Keep Grocery Tax, Leave Cigarettes Alone, Governor Says

By Monisha Bansal | July 7, 2008 | 8:22 PM EDT

( - Following a second veto Wednesday of a bill that would raise the state tax on tobacco while cutting the grocery tax, Mississippi's Republican Gov. Haley Barbour is being called "big tobacco's best friend" by an anti-tobacco group. Barbour says the legislation would hurt cities and towns already reeling from Hurricane Katrina.

"Nowhere in America has a politician done so much to help the tobacco industry at the expense of the people who elected him," said Matthew L. Myers, president of Campaign for Tobacco- Free Kids.

Barbour is a former Washington lobbyist, whose firm was named the most powerful lobbying firm in the nation by Fortune Magazine in 2001. His clients included some of the nation's largest tobacco and pharmaceutical companies.

According to Myers, Barbour has "once again put the interests of his former big tobacco employers ahead of the interests of Mississippi's kids and families. In vetoing this legislation, Gov. Barbour has shown again that he is big tobacco's best friend.

"The governor has rejected what would be a win-win-win solution for Mississippi," Myers argued - "a health win that would reduce tobacco use and save lives, a financial win that would save Mississippi taxpayers money both by reducing tobacco-caused health care costs and their grocery taxes, and a political win that is popular with the voters."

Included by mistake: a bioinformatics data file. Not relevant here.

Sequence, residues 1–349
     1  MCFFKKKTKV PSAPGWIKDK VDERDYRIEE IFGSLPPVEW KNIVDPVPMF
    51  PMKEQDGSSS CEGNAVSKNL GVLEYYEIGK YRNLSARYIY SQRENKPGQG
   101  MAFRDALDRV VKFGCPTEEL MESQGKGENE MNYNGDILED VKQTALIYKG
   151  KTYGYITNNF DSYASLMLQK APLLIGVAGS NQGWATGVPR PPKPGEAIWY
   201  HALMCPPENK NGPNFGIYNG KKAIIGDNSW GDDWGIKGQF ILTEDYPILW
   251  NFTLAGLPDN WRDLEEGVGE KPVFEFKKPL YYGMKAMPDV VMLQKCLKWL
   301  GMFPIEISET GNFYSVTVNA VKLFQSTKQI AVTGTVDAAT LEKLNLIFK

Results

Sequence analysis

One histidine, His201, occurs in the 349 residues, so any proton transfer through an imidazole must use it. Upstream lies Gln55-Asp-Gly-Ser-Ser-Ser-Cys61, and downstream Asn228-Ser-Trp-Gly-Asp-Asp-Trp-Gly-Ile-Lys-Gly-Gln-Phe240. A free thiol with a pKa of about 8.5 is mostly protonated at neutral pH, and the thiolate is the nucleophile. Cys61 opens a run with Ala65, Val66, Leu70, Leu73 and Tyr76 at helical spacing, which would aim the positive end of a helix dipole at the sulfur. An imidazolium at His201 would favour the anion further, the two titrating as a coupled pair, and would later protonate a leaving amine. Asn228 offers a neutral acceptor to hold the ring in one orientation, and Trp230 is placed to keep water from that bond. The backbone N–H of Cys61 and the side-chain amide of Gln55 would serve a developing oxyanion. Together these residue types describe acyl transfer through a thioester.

Barbour initially vetoed the bill on Jan. 19, but the Mississippi Legislature brought back the measure. The bill would raise the state tobacco excise tax from 18 cents per pack of cigarettes to $1 by July 1, 2007, and also cut the grocery tax from 7 percent to 3.5 percent by the same date. According to the legislative language, the grocery tax would have been completely phased out by 2014.

Mississippi has the highest grocery tax in the country, but the third lowest tobacco excise tax. Ranging from seven cents in South Carolina to $2.46 in Rhode Island, the average pack of cigarettes in America carries 91.7 cents in state taxes and 39 cents in federal taxes.

Barbour says the simultaneous tobacco tax hike and grocery tax cut is not only the "wrong policy, it is being considered at the wrong time."

He called it "the latest attempt by the Legislature to change the state revenue stream in the middle of tremendous financial uncertainty in the wake of Hurricane Katrina." Democrats have narrow control of the Mississippi Senate, but a large advantage in the House.

"Despite the initial claims that this proposal is simple and revenue neutral, this bill in fact short-changes our towns and cities which are already strapped in post-Katrina times and destroys our ability to increase needed funding for education in the future," Barbour reportedly told the Jackson Free Press.

On Wednesday, Mississippi announced it had $200 million more in revenue than had been previously estimated.

Slashing the grocery tax, Barbour has argued, would reduce state revenue by $1.5 billion over the next nine years. "Any increased revenue from a higher tax on tobacco will not come close to offsetting the decreased revenue from reducing the grocery tax," he was quoted as saying.

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